CBC reporter Kate Dubinski spent time with the London Police Service's human trafficking unit in December. This is another story in Kate's series, Knock at the Door.
About ten times a year for the last few years, Marisa Thorburn and her staff have had to help survivors of sex trafficking.
What they've learned is that the needs of those survivors are basic — and also very complex.
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"You can't just set them up with community supports right away. It's a different type of intervention. They walk out of that situation, often with just the clothes on their back," said Thorburn, who headed the London Police Service's victim services branch for 15 years, until she left to work at a non-profit in December.
"You have to find out what the basic needs are. They haven't been eating properly, they have no ID, they've had no contact with family members or friends. There are a lot of immediate needs that need to be taken care of."
Often, the survivors been shipped up and down Hwy. 401, forced to sell sex by pimps who rule by fear. Many of the women and girls are addicted to drugs or alcohol.
Although men and boys are also victims of sex trafficking, the vast majority of victims are female, police say.
Number of survivors increasing
To find victims of human trafficking, London police go undercover as Johns after answering advertisements on websites popular with escorts. They look for women they think could be doing the work against their will and, if the woman wants to leave the sex trade, help her do so.
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"There's an element of violence, and the victims are very scared. You have to safety plan with them," said Thorburn. "Sometimes you have to get them out of the city and back to somewhere safe.
"Quite often they're taken from their hometowns, purposely, because they don't know the environment here, they don't have contacts here, and that makes them more vulnerable. It makes it more difficult to get them out of the situation."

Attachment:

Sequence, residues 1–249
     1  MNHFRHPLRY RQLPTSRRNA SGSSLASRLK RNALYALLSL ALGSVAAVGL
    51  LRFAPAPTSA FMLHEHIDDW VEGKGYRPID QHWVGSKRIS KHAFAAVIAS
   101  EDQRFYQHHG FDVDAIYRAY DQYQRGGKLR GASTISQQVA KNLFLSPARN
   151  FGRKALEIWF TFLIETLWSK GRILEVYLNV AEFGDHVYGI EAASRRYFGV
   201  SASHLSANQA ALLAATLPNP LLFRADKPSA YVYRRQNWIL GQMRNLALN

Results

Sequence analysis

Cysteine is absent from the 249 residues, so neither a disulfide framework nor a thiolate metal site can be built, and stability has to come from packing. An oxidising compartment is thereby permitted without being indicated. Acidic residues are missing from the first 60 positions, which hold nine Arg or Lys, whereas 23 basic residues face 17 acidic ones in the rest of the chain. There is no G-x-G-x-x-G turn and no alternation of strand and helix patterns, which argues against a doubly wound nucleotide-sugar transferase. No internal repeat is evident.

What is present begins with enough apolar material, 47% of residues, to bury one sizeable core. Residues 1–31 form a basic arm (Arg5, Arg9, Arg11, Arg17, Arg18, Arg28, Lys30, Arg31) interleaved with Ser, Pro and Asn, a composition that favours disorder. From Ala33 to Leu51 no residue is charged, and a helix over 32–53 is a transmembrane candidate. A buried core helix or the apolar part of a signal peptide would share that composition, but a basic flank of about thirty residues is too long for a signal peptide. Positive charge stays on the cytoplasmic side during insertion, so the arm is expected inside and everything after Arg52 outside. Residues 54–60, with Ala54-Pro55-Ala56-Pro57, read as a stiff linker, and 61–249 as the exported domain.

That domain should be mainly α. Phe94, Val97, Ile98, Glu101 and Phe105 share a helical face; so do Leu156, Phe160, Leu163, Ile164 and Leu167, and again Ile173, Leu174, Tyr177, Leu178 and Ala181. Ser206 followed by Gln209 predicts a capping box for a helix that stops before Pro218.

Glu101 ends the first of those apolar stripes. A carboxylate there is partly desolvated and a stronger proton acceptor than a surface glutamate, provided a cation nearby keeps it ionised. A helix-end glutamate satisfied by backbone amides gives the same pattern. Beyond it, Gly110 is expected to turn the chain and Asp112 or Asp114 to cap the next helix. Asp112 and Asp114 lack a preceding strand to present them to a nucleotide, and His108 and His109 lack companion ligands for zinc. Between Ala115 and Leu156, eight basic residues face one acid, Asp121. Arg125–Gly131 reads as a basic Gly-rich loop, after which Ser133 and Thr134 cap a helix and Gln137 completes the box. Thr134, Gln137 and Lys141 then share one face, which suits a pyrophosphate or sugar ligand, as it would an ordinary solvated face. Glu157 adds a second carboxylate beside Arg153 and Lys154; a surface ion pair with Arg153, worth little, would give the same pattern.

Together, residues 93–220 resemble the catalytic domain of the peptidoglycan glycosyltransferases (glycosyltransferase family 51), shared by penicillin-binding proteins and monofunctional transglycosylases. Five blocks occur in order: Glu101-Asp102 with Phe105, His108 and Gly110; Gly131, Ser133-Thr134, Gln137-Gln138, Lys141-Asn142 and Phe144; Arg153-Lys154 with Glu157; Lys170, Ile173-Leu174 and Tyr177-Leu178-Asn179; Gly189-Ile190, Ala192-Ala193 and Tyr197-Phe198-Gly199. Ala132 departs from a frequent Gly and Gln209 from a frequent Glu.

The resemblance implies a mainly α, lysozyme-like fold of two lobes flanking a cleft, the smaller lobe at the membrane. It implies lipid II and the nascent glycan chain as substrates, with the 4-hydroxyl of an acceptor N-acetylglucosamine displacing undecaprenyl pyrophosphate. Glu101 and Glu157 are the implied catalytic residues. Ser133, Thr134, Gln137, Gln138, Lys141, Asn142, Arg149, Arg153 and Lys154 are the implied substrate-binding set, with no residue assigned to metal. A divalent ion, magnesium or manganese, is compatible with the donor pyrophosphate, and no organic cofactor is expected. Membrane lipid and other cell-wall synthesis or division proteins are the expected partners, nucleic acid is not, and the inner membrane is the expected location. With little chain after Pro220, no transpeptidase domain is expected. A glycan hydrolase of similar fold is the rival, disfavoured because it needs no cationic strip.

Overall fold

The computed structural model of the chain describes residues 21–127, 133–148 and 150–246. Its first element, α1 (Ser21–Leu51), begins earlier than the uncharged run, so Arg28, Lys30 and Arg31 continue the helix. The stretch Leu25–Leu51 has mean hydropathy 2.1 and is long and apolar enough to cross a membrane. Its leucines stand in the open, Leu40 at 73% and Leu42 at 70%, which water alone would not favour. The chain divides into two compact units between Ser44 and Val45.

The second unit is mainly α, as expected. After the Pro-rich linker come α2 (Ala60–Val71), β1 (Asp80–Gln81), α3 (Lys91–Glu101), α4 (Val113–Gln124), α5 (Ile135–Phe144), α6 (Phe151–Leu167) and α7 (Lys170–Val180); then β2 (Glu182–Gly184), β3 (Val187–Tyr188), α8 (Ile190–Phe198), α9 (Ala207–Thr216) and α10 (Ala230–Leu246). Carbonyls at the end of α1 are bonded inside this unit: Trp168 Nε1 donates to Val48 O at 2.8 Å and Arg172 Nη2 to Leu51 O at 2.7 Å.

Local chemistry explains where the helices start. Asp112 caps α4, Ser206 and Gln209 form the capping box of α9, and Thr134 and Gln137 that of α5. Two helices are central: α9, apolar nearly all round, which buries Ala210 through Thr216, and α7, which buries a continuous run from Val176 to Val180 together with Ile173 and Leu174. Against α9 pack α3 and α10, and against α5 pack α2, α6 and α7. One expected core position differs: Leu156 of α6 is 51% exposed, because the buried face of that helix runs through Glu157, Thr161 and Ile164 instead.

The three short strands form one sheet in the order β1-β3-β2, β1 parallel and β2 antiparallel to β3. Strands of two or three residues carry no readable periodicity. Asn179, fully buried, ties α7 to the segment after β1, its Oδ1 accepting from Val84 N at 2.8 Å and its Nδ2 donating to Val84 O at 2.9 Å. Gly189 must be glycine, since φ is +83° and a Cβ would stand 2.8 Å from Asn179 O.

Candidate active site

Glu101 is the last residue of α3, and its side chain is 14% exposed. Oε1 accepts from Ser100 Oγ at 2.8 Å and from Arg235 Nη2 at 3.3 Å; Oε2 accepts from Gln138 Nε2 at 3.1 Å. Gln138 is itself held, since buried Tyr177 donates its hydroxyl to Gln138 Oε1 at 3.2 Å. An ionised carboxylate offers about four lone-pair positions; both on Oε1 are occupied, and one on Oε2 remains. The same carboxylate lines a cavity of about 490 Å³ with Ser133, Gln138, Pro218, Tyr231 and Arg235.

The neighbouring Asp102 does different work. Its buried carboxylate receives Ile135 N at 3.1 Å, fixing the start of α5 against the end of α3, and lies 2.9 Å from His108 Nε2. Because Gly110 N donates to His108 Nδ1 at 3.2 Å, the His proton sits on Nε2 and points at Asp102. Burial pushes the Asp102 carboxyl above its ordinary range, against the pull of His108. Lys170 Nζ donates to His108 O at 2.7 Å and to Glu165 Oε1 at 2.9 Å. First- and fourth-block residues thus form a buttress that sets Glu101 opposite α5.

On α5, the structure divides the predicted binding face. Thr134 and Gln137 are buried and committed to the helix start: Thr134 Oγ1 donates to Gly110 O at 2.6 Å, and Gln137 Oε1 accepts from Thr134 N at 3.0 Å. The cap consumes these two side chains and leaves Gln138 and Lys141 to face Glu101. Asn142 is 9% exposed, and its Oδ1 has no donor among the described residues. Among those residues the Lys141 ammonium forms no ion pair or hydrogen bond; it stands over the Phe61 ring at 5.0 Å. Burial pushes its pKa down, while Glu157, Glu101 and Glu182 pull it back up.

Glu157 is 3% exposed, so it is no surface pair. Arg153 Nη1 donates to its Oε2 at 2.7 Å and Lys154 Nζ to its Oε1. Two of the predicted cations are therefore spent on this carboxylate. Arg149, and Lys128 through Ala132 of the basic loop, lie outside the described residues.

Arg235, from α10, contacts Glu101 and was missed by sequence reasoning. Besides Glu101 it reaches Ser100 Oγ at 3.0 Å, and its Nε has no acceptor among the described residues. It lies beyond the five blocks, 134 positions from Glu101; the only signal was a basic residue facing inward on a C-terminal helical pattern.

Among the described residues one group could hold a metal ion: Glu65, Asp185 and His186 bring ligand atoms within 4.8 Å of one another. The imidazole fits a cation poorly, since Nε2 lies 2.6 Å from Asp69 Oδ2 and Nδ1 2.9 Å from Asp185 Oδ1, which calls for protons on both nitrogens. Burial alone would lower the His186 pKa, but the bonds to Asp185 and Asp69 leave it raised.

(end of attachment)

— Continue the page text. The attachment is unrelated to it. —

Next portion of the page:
'It's going on in our backyard'
People don't realize how prevalent human trafficking is in London, Thorburn said.
"I don't think we were aware of just how prevalent it was until the human trafficking unit started doing some surveillance. It's going on in our backyard."
The number of victims has steadily been increasing as the human trafficking unit makes contact with sex workers, she said.
What's best for the victim?
The practice for those who work with victims is to get them into counselling. But that's not always the best course for survivors of human trafficking, Thorburn said.
"Generally, it takes time. You have to try to get a feel for what those basic needs are, and just continue reassurance," she said. "Every situation is different, so you have to figure out what's best for that victim."
Thorburn organized a two-day long human trafficking conference in November for organizations in the city that might deal with victims. They received psychological first-aid training from Dr. Jacqui Linder, who works with survivors of human trafficking.
Thorburn also spearheaded a move to put together a one-stop-shop for resources that can be accessed by community agencies for victims of human trafficking, from transportation, medical care, employment help and legal help, for example.
'It's very complex'
Sometimes, prosecuting a pimp might not be the best thing for the victim, she added.
"It's very complex. These women have been traumatized. A lot have PTSD. There's no quick and easy solution for them. They need short, medium and long-term supports to help them along," Thorburn said.
"The charges are important...charging the pimps is important but the priority is helping the victims involved in this."
Thorburn's community directory for victims is set to be ready in March.